Winchester Model 64

Refined lever is a classic “class act”
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A late 1940s-vintage Model 64 (top) features a 24" barrel, pistol grip and two-thirds magazine. The early 1960s Model 94 (below) features a 20" barrel, straight grip and full-length magazine.

A whole lot of lovers of leverguns consider Winchester’s graceful Model 64 to be the best-looking rifle ever put together — and they’ll certainly get no argument from me. If any make or model of lever action better fits the definition of “deer rifle,” I don’t know what it could be. In fact, a deluxe version was, at one time, marketed as “The Deer Rifle.”

As an 11-year-old rifle-crazy kid, I can still remember thinking the full-page picture of the Model 64 in my early ’50s copy of Stoeger’s Shooter’s Bible was just about the coolest thing ever.

In the years after, I got to use — and own — various straight-gripped 20″ Model 94 Carbines and 16″ Trapper models, but still the 24″ barrel M64 with its two-thirds length magazine and pistol grip haunted me.

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The Lyman 66A receiver sight is a serious improvement over
the original buckhorn open sights.

This 2011 Miroku-made Model 64 is an Angle Eject design and is drilled
and tapped for scope mounts. The tang safety is easier to access than the
later crossbolt safety installed after 1992.

History

Officially introduced in 1933 as a refined replacement for the Model 55 — another Model 94 variant — the Model 64 ceased production in 1957. Early on, it could be had in .25-35 and .32 Winchester Special. There were a very few made in .219 Zipper with a 26″ barrel, but the majority of them were in .30-30.

It was briefly reintroduced by Winchester in 1972 and again as a Miroku-made offering in 2011.

The Japanese-made Miroku Model 64 is different from the original Winchester in two major respects. First off, it’s an Angle Eject and is drilled and tapped for optic mounts, giving you a far easier scoping option than the original if this is your preference. Secondly, it features a tang safety, not always beloved by purists but a darn sight preferable — and more accessible — than the crossbolt safety in a dished-out receiver recess Winchesters were saddled with in 1992.

The only drawback to the tang safety placement is it makes the installation of a folding tang peep sight out of the question.

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Range Time

So let’s get crass and talk ballistics and address the burning question: Besides sheer aesthetics, what’s the extra barrel going to get you over the vastly more popular Model 94 Carbine?

The velocity pickup from the Model 64’s 24″ barrel over a 20″ Model 94 is fairly significant although not really breathtaking when you take the .30-30’s practical sphere of usefulness into consideration.

Here are the numbers we got: Hornady 140-grain Full Boar — 2,607 fps vs. 2,442 fps, Hornady 160-grain LEVERevolution Flex Tip — 2,571 fps vs. 2,280 fps and Winchester 150-grain JHP — 2,441 fps vs. 2,283 fps.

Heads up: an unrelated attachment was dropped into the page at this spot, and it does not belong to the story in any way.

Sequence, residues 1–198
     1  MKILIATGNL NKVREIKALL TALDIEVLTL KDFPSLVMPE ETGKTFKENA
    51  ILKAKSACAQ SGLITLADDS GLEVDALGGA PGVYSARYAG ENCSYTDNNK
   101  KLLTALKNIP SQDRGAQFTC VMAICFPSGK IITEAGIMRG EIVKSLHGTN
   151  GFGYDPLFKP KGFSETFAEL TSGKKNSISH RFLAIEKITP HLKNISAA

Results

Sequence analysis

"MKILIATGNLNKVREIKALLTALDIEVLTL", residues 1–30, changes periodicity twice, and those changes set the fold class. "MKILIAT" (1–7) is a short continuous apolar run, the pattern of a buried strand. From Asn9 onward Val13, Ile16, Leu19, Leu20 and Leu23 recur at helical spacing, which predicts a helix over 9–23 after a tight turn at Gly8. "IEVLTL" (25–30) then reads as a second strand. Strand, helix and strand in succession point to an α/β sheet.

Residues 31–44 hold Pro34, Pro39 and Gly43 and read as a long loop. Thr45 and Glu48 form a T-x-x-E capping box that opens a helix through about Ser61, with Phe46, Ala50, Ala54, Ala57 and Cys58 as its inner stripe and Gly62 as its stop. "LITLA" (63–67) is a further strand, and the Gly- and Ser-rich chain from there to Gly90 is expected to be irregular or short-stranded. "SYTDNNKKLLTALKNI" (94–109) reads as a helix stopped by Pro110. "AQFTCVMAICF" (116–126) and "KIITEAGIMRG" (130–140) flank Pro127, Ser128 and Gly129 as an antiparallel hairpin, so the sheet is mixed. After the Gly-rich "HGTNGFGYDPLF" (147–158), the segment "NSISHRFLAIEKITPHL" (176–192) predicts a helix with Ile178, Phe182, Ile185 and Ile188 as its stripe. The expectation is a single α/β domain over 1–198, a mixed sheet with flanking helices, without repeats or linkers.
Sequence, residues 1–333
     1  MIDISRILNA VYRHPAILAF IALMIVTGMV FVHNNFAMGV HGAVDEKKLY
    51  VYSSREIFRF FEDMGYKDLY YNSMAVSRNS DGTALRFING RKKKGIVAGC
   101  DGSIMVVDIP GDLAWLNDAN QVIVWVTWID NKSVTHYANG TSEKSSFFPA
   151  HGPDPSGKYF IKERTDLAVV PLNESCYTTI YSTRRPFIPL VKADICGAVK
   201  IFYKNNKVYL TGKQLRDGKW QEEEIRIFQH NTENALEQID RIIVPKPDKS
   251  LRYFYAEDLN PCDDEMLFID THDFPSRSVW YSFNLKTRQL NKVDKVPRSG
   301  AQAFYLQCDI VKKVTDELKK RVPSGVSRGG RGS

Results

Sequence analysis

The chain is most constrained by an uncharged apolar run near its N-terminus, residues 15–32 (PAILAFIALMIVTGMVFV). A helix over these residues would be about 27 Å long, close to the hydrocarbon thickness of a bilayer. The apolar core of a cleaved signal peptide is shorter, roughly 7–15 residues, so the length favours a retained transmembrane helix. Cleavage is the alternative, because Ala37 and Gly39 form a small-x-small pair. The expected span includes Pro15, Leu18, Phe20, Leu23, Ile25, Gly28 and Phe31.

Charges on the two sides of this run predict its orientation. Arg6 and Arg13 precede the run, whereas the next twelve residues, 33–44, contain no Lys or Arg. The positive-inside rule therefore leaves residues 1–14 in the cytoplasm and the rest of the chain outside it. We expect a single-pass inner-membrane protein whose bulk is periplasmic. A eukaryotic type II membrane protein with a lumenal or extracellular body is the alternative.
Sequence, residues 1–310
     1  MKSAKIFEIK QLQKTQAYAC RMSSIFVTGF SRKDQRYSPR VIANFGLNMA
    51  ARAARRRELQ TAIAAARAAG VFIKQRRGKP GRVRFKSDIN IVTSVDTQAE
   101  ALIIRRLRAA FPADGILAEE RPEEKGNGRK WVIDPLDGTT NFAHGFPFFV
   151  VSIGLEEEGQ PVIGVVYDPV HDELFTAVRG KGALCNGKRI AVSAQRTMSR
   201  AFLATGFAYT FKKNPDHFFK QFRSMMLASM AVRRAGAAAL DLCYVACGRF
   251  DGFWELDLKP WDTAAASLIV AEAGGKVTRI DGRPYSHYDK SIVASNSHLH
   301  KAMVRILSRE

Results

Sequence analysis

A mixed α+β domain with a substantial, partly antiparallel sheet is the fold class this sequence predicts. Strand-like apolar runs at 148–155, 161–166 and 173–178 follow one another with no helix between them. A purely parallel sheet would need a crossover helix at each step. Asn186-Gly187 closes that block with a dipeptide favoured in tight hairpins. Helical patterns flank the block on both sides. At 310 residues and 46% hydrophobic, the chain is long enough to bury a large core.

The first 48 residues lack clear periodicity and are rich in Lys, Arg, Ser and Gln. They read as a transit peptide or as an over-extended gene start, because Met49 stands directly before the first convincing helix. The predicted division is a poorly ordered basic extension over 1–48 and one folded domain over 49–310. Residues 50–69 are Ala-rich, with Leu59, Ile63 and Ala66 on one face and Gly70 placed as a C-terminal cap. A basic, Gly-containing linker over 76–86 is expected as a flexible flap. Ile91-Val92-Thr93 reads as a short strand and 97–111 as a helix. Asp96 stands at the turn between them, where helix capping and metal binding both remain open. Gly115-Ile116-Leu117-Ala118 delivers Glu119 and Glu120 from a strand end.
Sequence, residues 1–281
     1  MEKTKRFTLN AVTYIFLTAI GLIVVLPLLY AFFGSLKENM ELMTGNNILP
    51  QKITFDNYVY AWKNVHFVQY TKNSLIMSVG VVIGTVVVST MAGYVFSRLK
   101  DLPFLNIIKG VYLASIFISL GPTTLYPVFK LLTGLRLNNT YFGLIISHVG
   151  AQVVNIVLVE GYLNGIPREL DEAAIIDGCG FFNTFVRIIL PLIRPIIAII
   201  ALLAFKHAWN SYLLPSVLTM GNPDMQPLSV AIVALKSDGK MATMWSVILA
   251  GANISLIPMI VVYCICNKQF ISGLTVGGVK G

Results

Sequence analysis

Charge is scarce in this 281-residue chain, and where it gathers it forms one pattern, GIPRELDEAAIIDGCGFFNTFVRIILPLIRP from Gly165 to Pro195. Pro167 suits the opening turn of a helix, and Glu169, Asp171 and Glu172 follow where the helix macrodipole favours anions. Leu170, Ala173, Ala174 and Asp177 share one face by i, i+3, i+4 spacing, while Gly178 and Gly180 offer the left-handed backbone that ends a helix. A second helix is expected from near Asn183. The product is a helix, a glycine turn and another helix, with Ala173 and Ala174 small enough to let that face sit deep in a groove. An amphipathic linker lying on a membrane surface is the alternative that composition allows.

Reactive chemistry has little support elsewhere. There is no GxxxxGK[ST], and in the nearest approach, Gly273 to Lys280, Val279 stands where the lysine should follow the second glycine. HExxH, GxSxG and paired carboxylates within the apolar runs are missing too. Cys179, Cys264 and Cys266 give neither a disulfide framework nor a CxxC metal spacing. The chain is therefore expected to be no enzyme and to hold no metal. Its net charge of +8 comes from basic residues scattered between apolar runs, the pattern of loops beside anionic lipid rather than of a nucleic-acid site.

Although the speed bump from the Model 64’s 24″ tube doesn’t quite turn the .30-30 into a .308, at real-world deer yardages, it’s close enough.

Our test gun was a late 1940s specimen in breathtaking shape. The owner, John Wightman, made the intelligent decision of installing a Lyman 66 receiver sight on it rather than rely on the original-issue buckhorn open sights — which aren’t all that wonderful in conjunction with elderly eyes.

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Our Model 64 preferred Winchester’s traditional 150-grain JHP a
bit more than Hornady’s polymer tipped 160-grain LEVERevolution.

Slight Adjustments

Moving up the barrel and yanking the blasted sight hood off, we found the original bead front to be fairly small. Yes, a larger bead would be quicker and easier to acquire, but then you’d have to deal with the fact a “too big” bead will practically subtend an 8″ bull at 50 yards.

If you have to form a “figure 8” using a 6 o’clock hold, a smaller bead works better. Of course, a flat-top blade would be the best choice — which is something to consider if your goal is to enhance the “on paper” performance of your rifle. “Flat on round” works better than “round on round” for me, particularly since my eyes ain’t what they used to be.

For field use, many shooters simply remove the aperture from the Lyman sight, giving you a large, quick-to-acquire facsimile of a “ghost ring.”

From a sandbag rest at 60 yards, our Model 64 showed a distinct preference for traditional 150-grain ammo, specifically Winchester Super-X JHPs. Runner-up in the accuracy department was Hornady 160-grain FTX LEVERevolution.

We did our preliminary sight adjustments at 25 yards using 150-grain handloads, both to get acquainted with the rifle and to help hoard our factory stuff for later. Centerfire metallic ammo in non-NATO calibers isn’t easy to find these days!

The trigger on our test gun exhibited a bit of takeup and broke at a few ounces under 4 lbs., pretty good for a dead-stock levergun of any era. Recoil was noticeably tamer than from the lighter (by about a half-pound), shorter Model 94 Carbine we had along for the ride.

Both featured recoil padless shotgun-style buttplates, but I’m pretty certain the Model 64 would have been quite tolerable even if it had been saddled with an older crescent-style buttplate.

According to Steve Fjestad’s Blue Book of Gun Values, 66,783 Model 64s were produced in the original 1933–1957 run, while 8,250 were made in the 1972–73 cycle, all in .30-30 and referred to as the Model 64A.

Obviously, these numbers are dwarfed by those of the Model 94, so prices of the Model 64 in used racks and auctions are going to reflect this discrepancy. Thus, if you’re hot for one you find, you may have to dig deep.

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